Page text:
Although I am fortunate enough to attend both events, I am disappointed that CinemaCon and TCM Classic Film Festival (TCMFF) are both occurring next week. I have to leave Las Vegas Thursday morning, missing out on the final day of movie studio presentations and on the pre-TCMFF activities that will take place on Wednesday. Hopefully, I'll make it in time for Meet TCM at Club TCM, so I can ask how the staffers react to the social media outage that their programming has generated over the past year.
Since I am not attending the official Opening Night selection, The Producers, I have a choice between Finishing School, which "was among the first films to be condemned by the newly formed Legion of Decency," and the film noir Detour. The former is in the notorious House 4, the smallest capacity of all the theaters, and scheduled earlier, so I will give that a shot. If I don't get a good seat, I'll take a Detour.
The next block is tough. I am going to skip Stage Door, even though it boasts a great cast. It saves me a trip down to the Egyptian and a long walk back to my hotel. Plus, I found the praise for nitrate prints overblown. I have never seen Throne of Blood, Akira Kurosawa's adaption of Macbeth, in a theater but I have seen it and own the Blu-ray. It would have been a toss up between Michael Curtiz' The Sea Wolf and Sidney Lumet's FAIL-SAFE, but with blacklisted screenwriter Walter Bernstein in attendance to talk about his work on the latter, he makes the screening that much more intriguing.
I recently reviewed a collection of the first 20 Pink Panther cartoons and would like to see how they play with an audience, but I am more likely to skip the 9am slot for sleep and breakfast.
The next couple of blocks are interlinked because because I still have not decided between My Brilliant Career with director Gillian Armstrong in attendance, which I am leaning towards or Preston Sturges' The Miracle of Morgan's Creek. If I choose the latter, I will follow-up with How to Marry a Millionaire, but don't think I can make it if I see the former. Then, I'll choose the boxing noir The Set-Up.
Sweet Sweetback's Baadasssss Song is a historic film, leading to the Blaxploitation movement. Director Melvin Van Peebles in attendance makes it a can't-miss. If I need some laughs, I'll go to Will Success Spoil Rock Hunter? If I can stand more grittiness, I'll take in Point Blank.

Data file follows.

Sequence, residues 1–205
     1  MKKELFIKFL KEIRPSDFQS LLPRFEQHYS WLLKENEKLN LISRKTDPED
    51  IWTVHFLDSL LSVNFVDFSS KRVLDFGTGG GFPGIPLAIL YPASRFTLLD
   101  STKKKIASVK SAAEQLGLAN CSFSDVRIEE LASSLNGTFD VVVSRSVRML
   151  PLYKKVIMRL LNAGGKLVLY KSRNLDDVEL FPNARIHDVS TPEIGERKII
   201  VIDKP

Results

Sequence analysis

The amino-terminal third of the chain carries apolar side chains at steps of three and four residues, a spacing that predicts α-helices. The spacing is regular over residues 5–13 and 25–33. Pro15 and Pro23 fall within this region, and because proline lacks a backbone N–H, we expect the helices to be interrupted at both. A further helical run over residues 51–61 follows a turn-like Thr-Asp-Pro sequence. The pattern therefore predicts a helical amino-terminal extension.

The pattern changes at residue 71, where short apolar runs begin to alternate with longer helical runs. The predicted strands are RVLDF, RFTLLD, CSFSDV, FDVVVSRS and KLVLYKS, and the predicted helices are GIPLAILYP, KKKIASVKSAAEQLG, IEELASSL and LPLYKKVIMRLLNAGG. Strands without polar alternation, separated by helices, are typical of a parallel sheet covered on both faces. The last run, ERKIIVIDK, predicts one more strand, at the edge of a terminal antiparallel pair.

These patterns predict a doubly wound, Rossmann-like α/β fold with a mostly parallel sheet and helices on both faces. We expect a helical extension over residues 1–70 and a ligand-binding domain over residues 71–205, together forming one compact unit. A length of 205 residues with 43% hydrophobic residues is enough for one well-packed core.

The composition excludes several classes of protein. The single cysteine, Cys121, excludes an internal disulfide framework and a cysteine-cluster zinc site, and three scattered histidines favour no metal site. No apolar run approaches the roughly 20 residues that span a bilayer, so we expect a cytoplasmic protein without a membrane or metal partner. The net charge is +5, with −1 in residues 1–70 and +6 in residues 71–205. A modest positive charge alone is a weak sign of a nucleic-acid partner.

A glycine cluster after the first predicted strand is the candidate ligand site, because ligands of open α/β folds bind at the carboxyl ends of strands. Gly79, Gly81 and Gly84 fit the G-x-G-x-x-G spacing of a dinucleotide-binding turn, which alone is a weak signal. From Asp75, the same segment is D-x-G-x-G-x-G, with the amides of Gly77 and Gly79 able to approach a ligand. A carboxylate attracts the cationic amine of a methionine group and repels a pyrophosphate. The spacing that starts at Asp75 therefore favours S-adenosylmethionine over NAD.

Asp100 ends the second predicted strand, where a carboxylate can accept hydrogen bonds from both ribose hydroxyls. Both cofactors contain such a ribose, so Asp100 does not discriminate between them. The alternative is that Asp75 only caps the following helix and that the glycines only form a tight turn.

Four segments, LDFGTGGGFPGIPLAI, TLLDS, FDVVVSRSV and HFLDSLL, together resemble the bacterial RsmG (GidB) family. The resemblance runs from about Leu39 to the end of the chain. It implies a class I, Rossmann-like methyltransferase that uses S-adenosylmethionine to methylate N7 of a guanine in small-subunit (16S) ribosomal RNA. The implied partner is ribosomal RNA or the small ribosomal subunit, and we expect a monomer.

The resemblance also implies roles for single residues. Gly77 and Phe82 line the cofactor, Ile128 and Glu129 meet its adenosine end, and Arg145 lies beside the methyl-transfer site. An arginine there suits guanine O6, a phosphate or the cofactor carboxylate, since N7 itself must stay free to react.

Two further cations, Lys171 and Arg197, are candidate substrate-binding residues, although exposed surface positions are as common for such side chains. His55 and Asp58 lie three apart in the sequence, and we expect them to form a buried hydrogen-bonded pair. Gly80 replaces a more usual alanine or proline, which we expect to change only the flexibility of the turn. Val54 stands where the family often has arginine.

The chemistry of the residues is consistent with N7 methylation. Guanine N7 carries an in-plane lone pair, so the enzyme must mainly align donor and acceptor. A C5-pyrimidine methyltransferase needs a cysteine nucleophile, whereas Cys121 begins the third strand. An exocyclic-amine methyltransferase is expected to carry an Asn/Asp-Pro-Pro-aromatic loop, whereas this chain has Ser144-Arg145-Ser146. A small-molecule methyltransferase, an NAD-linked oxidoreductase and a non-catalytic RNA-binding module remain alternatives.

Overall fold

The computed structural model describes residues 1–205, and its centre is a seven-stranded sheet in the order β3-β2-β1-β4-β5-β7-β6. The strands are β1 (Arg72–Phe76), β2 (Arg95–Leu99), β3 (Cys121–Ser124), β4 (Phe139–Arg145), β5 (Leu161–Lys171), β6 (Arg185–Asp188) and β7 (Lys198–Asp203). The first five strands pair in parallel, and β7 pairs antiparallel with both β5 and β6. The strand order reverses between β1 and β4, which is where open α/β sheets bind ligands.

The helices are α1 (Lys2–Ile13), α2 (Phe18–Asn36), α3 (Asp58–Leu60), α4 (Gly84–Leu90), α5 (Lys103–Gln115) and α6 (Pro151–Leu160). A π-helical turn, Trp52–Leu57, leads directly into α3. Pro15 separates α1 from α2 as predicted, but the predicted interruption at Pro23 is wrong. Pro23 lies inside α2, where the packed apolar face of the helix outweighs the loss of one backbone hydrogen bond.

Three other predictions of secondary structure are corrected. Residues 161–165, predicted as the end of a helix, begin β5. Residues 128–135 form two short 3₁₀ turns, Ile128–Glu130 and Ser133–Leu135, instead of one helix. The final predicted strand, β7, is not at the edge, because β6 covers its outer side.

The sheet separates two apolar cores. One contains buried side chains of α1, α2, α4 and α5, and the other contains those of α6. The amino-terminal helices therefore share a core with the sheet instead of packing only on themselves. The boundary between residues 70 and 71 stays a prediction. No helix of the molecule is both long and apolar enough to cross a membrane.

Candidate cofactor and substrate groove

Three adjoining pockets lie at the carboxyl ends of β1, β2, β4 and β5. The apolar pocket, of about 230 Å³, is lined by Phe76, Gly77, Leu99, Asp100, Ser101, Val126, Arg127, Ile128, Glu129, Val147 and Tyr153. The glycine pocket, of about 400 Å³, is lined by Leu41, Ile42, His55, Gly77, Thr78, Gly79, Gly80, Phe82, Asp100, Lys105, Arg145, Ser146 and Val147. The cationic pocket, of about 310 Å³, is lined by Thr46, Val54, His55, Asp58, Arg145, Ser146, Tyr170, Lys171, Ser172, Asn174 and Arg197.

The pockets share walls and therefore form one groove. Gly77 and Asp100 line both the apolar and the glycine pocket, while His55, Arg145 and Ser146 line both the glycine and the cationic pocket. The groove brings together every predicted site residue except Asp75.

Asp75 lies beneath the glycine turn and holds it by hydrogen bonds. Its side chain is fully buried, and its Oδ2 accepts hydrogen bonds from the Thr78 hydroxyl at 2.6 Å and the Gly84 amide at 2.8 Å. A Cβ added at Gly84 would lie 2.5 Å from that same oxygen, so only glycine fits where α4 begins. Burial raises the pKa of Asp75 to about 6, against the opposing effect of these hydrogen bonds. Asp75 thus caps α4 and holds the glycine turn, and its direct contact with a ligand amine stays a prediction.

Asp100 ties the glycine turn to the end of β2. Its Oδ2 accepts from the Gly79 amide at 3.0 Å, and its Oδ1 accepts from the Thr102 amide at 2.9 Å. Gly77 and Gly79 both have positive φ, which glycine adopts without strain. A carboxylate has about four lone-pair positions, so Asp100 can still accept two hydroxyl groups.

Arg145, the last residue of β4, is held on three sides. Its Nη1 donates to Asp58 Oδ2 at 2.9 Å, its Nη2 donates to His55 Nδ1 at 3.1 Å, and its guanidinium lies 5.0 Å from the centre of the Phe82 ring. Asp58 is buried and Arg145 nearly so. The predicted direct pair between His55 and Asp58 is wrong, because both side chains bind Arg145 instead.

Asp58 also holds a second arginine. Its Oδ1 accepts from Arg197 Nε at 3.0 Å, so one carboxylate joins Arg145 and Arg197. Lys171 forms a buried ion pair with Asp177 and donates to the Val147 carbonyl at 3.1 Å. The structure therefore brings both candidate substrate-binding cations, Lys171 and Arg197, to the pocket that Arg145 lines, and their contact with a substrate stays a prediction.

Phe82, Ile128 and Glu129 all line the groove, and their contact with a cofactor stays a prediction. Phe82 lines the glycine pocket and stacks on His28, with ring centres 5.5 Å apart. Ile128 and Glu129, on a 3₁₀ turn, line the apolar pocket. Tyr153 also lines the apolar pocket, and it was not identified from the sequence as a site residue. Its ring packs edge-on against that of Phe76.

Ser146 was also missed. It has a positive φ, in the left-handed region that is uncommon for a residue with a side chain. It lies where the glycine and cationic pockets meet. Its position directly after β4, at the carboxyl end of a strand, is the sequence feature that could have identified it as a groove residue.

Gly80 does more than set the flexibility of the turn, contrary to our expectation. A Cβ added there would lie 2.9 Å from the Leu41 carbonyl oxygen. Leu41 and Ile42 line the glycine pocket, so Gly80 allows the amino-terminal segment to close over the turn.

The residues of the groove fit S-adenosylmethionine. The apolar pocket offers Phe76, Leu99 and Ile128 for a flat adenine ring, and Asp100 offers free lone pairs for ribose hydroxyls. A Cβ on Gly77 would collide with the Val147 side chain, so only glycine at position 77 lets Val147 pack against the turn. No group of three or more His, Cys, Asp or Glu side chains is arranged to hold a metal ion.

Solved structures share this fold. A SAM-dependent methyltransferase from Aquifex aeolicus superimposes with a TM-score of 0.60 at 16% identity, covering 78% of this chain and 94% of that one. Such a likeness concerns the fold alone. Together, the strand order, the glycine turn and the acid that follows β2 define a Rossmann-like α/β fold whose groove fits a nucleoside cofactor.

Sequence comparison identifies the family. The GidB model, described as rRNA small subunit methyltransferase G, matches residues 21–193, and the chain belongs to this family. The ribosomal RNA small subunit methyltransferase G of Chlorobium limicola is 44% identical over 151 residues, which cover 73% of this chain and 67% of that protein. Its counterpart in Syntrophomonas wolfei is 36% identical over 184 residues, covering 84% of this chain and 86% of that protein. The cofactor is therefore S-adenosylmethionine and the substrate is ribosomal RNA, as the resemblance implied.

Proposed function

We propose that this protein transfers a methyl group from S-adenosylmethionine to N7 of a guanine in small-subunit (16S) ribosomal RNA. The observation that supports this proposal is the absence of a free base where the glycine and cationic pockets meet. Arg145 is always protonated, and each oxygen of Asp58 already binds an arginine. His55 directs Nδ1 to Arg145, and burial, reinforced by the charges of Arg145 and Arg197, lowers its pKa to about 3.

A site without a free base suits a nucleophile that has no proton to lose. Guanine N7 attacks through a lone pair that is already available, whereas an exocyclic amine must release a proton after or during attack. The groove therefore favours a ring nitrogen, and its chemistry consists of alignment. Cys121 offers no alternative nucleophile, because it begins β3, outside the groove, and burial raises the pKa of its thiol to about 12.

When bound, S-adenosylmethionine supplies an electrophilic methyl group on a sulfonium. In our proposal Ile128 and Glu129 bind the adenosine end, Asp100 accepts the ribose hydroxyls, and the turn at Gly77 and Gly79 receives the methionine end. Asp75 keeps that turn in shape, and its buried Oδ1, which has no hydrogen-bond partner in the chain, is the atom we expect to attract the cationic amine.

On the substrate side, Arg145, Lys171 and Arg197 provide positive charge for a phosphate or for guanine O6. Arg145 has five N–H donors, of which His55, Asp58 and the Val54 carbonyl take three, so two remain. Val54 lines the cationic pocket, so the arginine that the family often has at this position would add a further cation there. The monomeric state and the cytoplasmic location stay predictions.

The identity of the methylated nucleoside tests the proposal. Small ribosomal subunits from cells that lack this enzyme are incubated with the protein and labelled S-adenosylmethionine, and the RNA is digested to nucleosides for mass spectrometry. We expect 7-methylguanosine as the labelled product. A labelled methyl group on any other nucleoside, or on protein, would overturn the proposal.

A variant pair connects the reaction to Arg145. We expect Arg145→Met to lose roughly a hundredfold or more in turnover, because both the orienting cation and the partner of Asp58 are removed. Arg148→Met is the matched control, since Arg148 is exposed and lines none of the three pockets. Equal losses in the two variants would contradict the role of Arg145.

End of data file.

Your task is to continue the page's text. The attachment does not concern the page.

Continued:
The midnight show is The World's Greatest Sinner. Over the years, there have been more misses than hits in this time slot. I have walked out on a couple and I wish I had with Zardoz. Director Timothy Carey has 30 minutes to capture my attention with his social satire or I am off to bed.
Again, not sure about the morning slot, but I have seen the two classics His Girl Friday and Kiss Me Deadly. I could either way with The Ox-Bow Incident and A Letter to Three Wives, but Three Wives is closer to my hotel and I want to follow up with Jean-Pierre Melville's When You Read This Letter, which would continue a theme and it plays in the same theater.
Am leaning toward Merchant Ivory's Maurice, but An Invisible History: Trailblazing Women of Animation sounds like a wonderful tribute. If I do the latter, the clip show Crackin' Wise seems an interesting expansion on the idea of honoring classic films.
I am a big John Sayles fan, so seeing him introduce Sam Fuller's Park Row would be special. For the next block, I am thinking of Suspicion, but Hitchcock films get shown a lot, so I may skip it. Sara Karloff is always a riot and The Raven should be fun, but it's going to be tough knowing I'll be missing John Carpenter introducing Scarface. If that started before, I would try and see Carpenter and then The Raven, but would need a pal saving my seat. And all during this block, there is supposed to be hours of Mickey Mouse cartoons playing at Club TCM, which sounds delightful.
Might stop in to hear Edgar Wright talk about Night of the Living Dead, but since I don't want to be a zombie on Sunday, I'll skip the film, which I've seen.
Think I'll start the day with Once Upon a Time in the West. I have never seen The Ten Commandments, and while not a religious person, this seems like a great way to see the epic. The problem is it takes up two time blocks and I know how it ends, so I think I would rather see Places in the Heart with Sally Field in attendance and Silk Stockings, because seeing Fred Astaire dance feels like a TCMFF tradition. Of course, I still need to hear about the TBAs, so those films plus A Star is Born might not make the cut. It's not until the announcements on Saturday that a firm plan for Sunday can be made.
I will have attended all nine TCMFFs and picking what to watch never gets easier, but it certainly is a lot of fun. And there's no guarantee I won't change my mind on a whim or the circumstances on the ground won't change it for me. Follow me on Twitter to know for sure where I am at, once I know.